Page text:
The volume of construction work posted a 0.4 per cent drop in the third quarter, a fall of 7 per cent over the year, according to the latest ABS figures.
The seasonally-adjusted estimate for total construction work completed fell 0.4 per cent to $50.8 billion in the September quarter.
Engineering construction was the main drag on total activity, recording a 0.2 per cent fall to $21.1 billion in the September quarter, down 9.6 per cent for the year.
Residential construction fell by 3.1 per cent, down 10.1 per cent over the year, with falls recorded in all states but Victoria.
But with lending indicators showing improvement, Housing Industry Association economist Angela Lillicrap says this suggests that “the decline in residential construction will not continue”.
And while residential construction has dragged, it’s good news for non-residential construction posting an increase of 4 per cent.
Lillicrap also added that the boost in infrastructure spending announced by state and federal governments in this year’s budgets had not yet been seen given the decline in engineering and construction work for the period.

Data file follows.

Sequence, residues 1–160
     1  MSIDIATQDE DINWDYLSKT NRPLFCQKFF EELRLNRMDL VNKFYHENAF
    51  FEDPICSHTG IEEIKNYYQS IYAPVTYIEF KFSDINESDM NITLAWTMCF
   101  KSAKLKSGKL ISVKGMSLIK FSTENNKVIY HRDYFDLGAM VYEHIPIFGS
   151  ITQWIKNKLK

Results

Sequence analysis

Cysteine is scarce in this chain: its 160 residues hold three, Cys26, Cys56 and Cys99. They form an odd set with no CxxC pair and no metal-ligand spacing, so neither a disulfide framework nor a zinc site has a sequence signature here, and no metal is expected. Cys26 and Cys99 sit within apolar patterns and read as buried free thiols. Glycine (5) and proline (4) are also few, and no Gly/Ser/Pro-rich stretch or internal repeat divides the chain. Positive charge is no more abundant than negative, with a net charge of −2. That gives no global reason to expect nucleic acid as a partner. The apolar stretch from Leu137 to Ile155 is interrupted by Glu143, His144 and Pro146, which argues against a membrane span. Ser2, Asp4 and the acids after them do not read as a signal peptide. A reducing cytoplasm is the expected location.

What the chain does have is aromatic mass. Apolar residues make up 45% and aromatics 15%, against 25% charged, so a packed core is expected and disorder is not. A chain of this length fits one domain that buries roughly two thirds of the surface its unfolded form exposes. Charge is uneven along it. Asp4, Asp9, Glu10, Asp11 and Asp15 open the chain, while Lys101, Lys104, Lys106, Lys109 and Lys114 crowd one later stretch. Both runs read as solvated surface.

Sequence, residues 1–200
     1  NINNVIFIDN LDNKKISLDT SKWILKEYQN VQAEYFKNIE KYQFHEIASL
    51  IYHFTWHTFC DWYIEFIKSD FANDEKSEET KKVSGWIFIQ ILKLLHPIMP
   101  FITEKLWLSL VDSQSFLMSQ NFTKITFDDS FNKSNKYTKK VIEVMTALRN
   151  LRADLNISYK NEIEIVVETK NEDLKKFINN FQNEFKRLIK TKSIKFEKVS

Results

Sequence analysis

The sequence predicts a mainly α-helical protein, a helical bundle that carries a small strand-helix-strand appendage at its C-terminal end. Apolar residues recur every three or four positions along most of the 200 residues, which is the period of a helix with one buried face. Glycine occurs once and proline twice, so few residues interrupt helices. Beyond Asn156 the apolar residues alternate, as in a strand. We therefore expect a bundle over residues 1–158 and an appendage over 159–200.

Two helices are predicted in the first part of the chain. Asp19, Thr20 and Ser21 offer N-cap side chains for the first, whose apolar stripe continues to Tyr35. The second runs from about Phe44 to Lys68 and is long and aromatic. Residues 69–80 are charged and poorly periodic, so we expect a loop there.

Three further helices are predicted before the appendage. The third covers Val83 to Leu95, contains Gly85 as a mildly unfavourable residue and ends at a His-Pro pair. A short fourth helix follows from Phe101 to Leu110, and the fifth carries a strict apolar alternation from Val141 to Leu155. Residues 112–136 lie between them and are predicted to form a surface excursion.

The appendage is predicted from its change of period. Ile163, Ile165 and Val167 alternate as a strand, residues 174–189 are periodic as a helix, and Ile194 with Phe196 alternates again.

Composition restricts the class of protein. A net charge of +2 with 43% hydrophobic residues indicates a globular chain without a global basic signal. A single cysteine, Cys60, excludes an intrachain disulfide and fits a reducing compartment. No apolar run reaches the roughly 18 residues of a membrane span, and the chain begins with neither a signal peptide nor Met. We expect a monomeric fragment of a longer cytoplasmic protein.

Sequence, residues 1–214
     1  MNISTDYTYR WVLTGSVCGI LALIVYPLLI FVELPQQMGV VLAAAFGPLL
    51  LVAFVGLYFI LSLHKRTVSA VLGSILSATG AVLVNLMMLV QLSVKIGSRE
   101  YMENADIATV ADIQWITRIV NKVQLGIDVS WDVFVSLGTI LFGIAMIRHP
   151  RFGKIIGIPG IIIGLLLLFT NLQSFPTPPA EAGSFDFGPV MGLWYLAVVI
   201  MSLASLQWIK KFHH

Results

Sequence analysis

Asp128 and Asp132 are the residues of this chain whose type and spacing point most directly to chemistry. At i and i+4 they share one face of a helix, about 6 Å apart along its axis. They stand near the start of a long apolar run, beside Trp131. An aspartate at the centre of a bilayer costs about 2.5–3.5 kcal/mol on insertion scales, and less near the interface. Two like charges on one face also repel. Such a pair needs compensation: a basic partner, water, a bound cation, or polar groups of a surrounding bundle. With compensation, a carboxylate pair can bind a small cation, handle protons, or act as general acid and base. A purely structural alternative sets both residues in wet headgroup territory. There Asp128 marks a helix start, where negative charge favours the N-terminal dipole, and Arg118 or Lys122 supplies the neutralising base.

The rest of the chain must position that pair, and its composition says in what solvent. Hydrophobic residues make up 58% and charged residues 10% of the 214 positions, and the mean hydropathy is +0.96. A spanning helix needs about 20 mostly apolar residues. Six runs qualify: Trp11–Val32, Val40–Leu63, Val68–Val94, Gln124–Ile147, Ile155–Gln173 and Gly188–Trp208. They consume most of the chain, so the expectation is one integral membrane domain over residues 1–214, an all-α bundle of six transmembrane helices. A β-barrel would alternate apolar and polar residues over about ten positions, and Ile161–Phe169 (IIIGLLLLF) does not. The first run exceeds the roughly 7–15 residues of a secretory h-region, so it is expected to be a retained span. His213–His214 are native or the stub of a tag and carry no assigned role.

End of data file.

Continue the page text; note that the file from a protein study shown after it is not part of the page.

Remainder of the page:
“This begs the question where and when is the infrastructure spending going to occur?” Lillicrap said.
BIS Oxford Economics economist Nicholas Fearnley said it expects public sector activity to fall further this year, largely driven by the winding up of the NBN rollout.
“This is despite an expected turnaround in roads construction, with a number of high profile projects, such as WestConnex – Stage 3b and the Western Harbour Tunnel & Beaches Link, set to kick off over the next 12 months,” Fearnley said.
Nationally, growth in new construction as a share of the population is falling, according to CBA economist Gareth Aird.
“On our calculations the decline in residential construction is taking place at a time when the excess supply of dwellings is relatively small,” Aird said.
“This means that it won’t be long until the excess supply has been eroded. Our estimates point to an undersupply of housing from late‑2020. In time this should put downward pressure on vacancy rates and upward pressure on rents and dwelling prices.”